Wednesday, May 24, 2017

Author Interviews: S.M. Hart

S. M. Hart wrote her first story, The Secret Book, when she was a child.  In college, she majored in mathematics with a minor in liberal studies and earned a bachelor’s degree in mathematics. For over twenty years, she taught at a large urban high school in Fresno, California.  There she used literacy, critical thinking, and empirical investigations to teach a variety of math concepts to teenagers.  The teaching experience showed her the connection between mathematics and imagination, and between the prosaic and the poetical.  It gave her insight into human relationships and social compacts.  It also allowed her to practice the art of storytelling, and it greatly exercised her sense of humor.  Ms. Hart’s debut novel is The Book of Rhino: The Revelation, an integration of low-density fantasy and historical fiction.  Ms. Hart is originally from Durango, Colorado and now lives in Central California with her husband.

1. The Book of the Rhino has been described by some readers as a mix between low-density fantasy and historical fiction. What genre do you consider your novel, and how do you think people’s expectations of genre influence their reaction to your work?

I consider it an integration of low-density fantasy and historical fiction. I think people’s expectation of genre influences their choice of what they read and their level of satisfaction in reading it. The story in a low-density fantasy book usually takes place in a world like ours whose environment and physical laws are familiar; it has less emphasis on the usual elements associated with fantasy. Examples of low-density fantasy books are The Arthurian Saga by Mary Stewart and the Pendragon Cycle by Stephen R. Lawhead. My first reviewers reacted favorably to the low-density fantasy in The Book of Rhino.

2. How long did it take you to complete your book—first draft, editing, the publishing process?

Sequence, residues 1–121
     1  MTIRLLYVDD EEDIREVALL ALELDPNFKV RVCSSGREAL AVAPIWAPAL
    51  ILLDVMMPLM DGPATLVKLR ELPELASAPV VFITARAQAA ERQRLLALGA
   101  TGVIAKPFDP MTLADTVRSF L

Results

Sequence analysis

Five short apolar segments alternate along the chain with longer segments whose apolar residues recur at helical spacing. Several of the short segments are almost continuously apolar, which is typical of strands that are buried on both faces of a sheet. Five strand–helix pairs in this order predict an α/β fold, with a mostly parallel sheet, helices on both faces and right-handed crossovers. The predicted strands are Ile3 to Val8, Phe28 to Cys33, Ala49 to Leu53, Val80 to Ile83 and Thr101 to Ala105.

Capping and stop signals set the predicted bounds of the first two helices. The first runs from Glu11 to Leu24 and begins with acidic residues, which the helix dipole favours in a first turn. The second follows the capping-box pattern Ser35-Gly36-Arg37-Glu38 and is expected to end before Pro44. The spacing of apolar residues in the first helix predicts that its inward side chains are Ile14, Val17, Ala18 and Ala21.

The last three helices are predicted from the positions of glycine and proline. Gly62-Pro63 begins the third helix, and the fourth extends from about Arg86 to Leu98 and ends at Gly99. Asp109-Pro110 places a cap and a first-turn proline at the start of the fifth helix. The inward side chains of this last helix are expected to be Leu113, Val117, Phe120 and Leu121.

It took almost five years from the first draft to the release date. (June 2012 to April 2017)  It took me ten months to write the book, and seventeen months from my initial contact with a publisher to the book’s release on Amazon. The longest period of time was deciding whether or not I wanted to go public with the manuscript. At first, I wanted to keep my lovely story all to myself. Then a friend of mine asked to read the book. She liked it so much she had the manuscript formatted and bound into a hardcover copy as a gift to me. What else could I do? I promised her I would think about publishing my book, which I did–for two years.

3. What is one opinion about writing you’ve had that’s changed over your career?

It is not always the slow, agonizing process I thought it was. Once in a while, it proceeds along at a nice clip.

4. Is there any terrible advice you’ve received for your book or career? Bad advice you’ve overheard someone else be told? (If not, are there any common writing rules you don’t agree with?)

I cannot recall receiving or hearing terrible advice about my book. The worst advice I ever heard (and thankfully ignored) about teaching was to not smile in class until December. So if anyone ever tells me to be serious in my writing, I will disregard it as terrible. I simply cannot write for very long without making a joke.

5. What are your biggest concerns about the current literary world?

My biggest concern is that there are not enough vertical relationships between generations of writers. I am concerned that older works of literature are not being read by younger generations.

6. What trends, tactics, styles, or genres would you like to see become popular in modern writing?

I would like to see more themes of social justice, which is one reason why I wrote The Book of Rhino. I would also like to see more humor and wit, especially in young adult novels, which is another reason why I wrote The Book of Rhino.

7. What trends would you like to see disappear?

I would love to see misogyny, the objectification of women, and the victimization of the powerless disappear. Unfortunately, this trend has been with us for a long time. Years ago, I addressed this issue in a creative writing class in college. I asked the professor why most of the stories we were reading were about strong, heroic men while the very few stories about women portrayed them as weak victims or cunning manipulators. He gave me a double C- on my next essay. The misogyny trend continues.